I enjoyed the post! However, I'm not sure your argument that "At best, feminists speak for a bare majority of American women" is especially relevant to efforts to make EA specifically more inclusive to women. In the US at least, support for feminism is very strongly associated with politics and education - the Pew poll you linked shows that 42% of Republican-leaning women would say feminist describes them somewhat or very well, vs. 75% of Democratic-leaning women. For educational attainment, it's 54% for women who did not attend college vs. 72% for women who did. (The Ipsos poll with the stronger criteria shows similar trends - 48% of democratic women identify as feminists, vs 13% of republican women). Polling on college campuses seems to show an even stronger trend, the one poll I could quickly find showed 78% of women in college identifying as feminists https://web.archive.org/web/20151124015741/https://www.hercampus.com/life/hcs-feminism-campus-survey-2015#feminism

We know from the EA survey (https://forum.effectivealtruism.org/posts/wtQ3XCL35uxjXpwjE/ea-survey-2019-series-community-demographics-and) that engaged EAs are extraordinarily biased towards being young, left-leaning and college educated, with >90% of EAs either having a college degree or being in the process of obtaining one and 72% identifying as politically left of center vs. 3.5% identifying as right of center. Given those demographics, I think there's a strong case to be made that more like 3/4ths of women who might currently be potential EAs in the US are likely to be feminists.

Now I think there's a separate question of whether EA could try and be more appealing to conservatives and people without college degrees. But if one is interested in making EA more inclusive to women in the near future, I those general demographic trends are likely to be relevant

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Thank you so much for posting this. It's a concise writeup of some points that badly need to be made.

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As an introverted autist with a severe psychometrics addiction, one thing I've been thinking about recently is what opportunities I could have to apply my survey skills to better understand social relations, particularly among people who are minorities among the demographics I interact with.

As such, I have considered doing surveys to better understand women's concerns and needs, and the application of making EA/rationalist spaces more inclusive to women seems like an interesting place to investigate.

My immediate thought would be applying my currently-favorite set of methods. That is:

1. Make a qualitative survey among EA/rationalist women where I ask them to describe what they would like from the spaces and/or what challenges they face (encouraging them to mention both challenges that are obviously woman-specific and challenges that are more personal but which might turn out to be relevant for the research). I might also recruit non-EA/non-rationalist women for comparison, or filter non-EA/non-rationalist women who feel they would have an interest in rationalist/EA topics, and ask them for qualitative data, to better cover "potential members" and not just preexisting members (your Bell Curves Problem).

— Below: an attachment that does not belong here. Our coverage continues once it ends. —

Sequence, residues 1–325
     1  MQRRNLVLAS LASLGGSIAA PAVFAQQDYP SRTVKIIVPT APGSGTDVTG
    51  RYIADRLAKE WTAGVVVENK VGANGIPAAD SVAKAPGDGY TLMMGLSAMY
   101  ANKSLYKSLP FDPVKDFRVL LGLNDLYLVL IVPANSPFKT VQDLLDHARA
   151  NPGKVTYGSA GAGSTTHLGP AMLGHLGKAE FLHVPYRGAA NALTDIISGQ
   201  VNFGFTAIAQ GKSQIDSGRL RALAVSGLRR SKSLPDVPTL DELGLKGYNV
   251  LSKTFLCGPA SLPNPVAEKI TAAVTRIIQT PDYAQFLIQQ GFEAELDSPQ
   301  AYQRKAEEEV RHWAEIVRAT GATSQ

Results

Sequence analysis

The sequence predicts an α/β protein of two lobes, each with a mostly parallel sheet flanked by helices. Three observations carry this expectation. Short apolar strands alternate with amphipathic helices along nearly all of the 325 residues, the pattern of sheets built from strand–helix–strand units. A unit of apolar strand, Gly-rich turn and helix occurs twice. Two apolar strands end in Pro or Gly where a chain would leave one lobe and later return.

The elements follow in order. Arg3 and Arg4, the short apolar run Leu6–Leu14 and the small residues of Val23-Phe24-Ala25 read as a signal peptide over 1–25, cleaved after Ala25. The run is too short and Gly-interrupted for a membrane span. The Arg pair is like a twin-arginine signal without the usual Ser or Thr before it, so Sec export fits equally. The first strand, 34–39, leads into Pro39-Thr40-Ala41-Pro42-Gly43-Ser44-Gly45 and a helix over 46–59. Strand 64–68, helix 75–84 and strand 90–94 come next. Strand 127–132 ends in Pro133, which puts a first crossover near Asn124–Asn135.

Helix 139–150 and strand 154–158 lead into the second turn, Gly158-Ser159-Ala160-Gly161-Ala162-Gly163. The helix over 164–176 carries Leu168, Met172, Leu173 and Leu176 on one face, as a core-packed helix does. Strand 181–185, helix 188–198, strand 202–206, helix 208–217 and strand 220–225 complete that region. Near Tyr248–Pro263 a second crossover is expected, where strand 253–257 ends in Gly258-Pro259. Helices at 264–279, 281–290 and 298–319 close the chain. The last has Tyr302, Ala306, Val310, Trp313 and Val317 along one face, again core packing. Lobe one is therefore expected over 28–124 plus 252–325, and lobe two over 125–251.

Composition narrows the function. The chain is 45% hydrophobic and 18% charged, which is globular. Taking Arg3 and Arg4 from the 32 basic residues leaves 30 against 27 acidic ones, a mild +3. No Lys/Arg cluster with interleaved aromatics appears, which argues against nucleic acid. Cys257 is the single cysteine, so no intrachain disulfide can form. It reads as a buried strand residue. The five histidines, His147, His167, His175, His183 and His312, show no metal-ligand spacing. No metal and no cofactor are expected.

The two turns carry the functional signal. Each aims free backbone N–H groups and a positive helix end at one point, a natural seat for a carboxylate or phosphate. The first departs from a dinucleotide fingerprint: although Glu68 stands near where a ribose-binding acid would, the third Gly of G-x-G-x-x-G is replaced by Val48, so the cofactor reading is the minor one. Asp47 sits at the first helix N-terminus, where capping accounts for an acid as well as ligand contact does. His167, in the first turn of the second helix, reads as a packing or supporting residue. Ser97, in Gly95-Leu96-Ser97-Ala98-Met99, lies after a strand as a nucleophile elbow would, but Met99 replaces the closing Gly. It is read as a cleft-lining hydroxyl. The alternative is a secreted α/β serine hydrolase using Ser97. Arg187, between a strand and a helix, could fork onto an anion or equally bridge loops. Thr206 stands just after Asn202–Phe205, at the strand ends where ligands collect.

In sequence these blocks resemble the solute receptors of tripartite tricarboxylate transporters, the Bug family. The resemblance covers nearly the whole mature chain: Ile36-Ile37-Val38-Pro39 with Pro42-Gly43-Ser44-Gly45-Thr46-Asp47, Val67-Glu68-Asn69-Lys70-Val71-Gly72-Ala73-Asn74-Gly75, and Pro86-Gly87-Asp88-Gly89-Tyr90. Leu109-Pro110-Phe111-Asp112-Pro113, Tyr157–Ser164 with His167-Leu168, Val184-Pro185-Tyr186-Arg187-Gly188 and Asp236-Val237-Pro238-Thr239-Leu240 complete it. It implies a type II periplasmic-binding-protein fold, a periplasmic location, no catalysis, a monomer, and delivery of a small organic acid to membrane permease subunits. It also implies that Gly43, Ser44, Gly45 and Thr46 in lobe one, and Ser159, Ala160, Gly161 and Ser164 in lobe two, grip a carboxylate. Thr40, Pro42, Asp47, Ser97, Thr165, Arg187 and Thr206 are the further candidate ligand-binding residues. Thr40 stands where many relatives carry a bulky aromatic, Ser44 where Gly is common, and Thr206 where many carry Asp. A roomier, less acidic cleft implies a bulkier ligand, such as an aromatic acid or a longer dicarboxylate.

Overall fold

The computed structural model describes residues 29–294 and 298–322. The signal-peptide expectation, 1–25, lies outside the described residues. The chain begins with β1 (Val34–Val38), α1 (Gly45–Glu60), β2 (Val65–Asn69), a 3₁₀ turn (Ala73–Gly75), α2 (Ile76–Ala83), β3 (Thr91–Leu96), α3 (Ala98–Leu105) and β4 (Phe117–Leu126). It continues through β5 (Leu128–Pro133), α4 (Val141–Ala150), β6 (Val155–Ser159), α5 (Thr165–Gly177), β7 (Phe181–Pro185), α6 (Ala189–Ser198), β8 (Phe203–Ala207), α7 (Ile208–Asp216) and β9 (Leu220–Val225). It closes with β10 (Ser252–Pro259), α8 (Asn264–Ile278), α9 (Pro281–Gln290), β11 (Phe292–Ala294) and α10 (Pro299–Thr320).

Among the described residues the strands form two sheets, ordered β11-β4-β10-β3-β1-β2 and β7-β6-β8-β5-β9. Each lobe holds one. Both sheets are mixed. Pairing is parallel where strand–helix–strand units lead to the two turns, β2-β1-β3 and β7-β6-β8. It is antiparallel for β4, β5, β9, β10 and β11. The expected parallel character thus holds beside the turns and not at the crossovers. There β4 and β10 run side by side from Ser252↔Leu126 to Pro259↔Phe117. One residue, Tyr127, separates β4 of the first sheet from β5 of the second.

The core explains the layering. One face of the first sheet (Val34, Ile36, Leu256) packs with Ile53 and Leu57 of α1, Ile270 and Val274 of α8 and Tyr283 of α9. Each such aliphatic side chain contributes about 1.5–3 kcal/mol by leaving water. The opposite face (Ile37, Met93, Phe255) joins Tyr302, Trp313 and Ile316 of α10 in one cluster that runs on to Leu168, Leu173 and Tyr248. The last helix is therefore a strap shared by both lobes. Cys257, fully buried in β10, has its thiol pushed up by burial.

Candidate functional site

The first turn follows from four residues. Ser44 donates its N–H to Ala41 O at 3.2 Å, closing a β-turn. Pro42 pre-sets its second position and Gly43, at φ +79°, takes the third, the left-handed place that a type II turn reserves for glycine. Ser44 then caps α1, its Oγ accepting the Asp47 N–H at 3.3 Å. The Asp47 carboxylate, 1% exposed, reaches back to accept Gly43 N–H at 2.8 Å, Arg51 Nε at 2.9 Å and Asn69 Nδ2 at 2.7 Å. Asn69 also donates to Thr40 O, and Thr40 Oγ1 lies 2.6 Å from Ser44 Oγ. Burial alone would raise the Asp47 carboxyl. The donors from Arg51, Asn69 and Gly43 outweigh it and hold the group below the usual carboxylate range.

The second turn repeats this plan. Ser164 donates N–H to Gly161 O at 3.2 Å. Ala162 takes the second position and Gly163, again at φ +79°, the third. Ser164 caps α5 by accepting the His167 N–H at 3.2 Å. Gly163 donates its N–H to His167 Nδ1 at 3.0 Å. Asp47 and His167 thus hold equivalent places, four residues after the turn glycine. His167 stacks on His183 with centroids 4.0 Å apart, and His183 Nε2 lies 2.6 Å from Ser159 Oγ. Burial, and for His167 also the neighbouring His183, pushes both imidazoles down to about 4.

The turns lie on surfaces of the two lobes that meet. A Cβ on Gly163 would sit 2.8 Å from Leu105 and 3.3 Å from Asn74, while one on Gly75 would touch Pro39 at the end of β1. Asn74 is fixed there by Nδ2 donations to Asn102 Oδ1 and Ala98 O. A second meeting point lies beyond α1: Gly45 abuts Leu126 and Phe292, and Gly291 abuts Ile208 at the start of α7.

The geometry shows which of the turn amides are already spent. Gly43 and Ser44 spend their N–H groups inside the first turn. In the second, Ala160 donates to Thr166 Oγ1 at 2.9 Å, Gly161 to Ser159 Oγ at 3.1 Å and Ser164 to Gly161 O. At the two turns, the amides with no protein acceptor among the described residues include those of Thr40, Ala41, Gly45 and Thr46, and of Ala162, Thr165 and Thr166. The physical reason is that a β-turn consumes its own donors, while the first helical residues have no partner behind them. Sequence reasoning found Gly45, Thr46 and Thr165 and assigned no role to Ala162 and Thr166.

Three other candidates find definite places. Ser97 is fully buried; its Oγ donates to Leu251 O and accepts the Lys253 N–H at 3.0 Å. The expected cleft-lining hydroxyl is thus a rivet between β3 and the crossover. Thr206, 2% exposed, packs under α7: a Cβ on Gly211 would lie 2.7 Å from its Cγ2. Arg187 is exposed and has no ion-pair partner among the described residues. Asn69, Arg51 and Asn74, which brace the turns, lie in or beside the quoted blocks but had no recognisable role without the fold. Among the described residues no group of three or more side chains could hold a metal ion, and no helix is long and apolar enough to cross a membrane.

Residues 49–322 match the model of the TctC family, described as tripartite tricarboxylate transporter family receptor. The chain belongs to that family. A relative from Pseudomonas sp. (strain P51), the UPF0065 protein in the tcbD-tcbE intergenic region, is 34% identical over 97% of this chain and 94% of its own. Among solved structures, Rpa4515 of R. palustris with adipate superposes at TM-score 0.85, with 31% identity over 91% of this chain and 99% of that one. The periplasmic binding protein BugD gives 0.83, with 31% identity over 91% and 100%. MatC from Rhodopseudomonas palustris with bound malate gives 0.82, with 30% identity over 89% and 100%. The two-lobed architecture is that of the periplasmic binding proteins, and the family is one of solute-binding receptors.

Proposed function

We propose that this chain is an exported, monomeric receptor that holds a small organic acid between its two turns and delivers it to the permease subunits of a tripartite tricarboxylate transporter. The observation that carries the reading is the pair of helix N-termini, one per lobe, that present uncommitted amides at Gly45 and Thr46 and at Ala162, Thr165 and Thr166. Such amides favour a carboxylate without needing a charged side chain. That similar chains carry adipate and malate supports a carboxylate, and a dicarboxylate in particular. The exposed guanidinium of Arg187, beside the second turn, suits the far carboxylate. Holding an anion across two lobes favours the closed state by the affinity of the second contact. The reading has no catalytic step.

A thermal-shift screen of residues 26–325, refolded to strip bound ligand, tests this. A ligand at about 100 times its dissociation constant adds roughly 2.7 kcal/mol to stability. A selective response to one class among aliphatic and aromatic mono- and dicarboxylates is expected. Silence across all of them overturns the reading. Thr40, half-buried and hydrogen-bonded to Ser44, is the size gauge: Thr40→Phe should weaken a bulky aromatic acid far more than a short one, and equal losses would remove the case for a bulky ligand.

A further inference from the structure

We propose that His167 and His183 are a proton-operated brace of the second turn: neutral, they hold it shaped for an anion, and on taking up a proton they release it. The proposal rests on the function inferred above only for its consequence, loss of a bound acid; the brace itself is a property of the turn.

2. Based on that qualitative survey, create questions that assess the concerns the women bring up, and turn that into a quantitative/multiple-choice survey, to better characterize the distribution of women there are with the different concerns. Distribute that survey to EA/rationalist women, and again, maybe also some non-EA/non-rationalist women to have some comparison.

3. Do various types of analysis to characterize what sorts of concerns are common and how they might trade off against other concerns, characterizing the different women's perspectives.

Whenever I consider making these sorts of surveys, I always end up wondering to what extent my curiosity about the results is due to being a male-brained autistic introvert, that is, someone who doesn't interact much with people (introvert), is bad at understanding people (autistic), and in particular doesn't interact much with the demographic in question (male-brained), and therefore fails to see the obvious big picture that anyone involved in the subject would see. It does seem like something that _should_ be common knowledge. But it might be that most others might also be unsure about these sorts of questions? In which case, perhaps the survey would be worthwhile.

Even if the survey results will be obvious to most people, I might try to do it anyway to learn it for myself. But I would be curious to know if this is something anyone else would want to see, as it could help inform me whether it's worth making this survey (and similar surveys more generally).

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Feb 14, 2023·edited Feb 14, 2023

"For the love of God, do something about that thing where any conventionally attractive woman in a male-dominated space gets swarmed by six men hanging on her every word and conspicuously not hitting on her."

Uh-oh. Why do I suddenly hear the chorus to Taylor Swift's "Anti-Hero" in my head?

Anyway, having been the kind of person who would be on the male side of that kind of interaction, I can certainly imagine why it could become a problem even if every individual man is on his best behavior, but I don't know how to change the incentives so that "there are many lonely men that want the attention of one of a much smaller number of conventionally attractive women" doesn't turn into "any conventionally attractive woman who shows up becomes the object of more attention than she's comfortable dealing with".

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> At best, feminist speak for a bare majority of American women.

Typo, should be "feminists".

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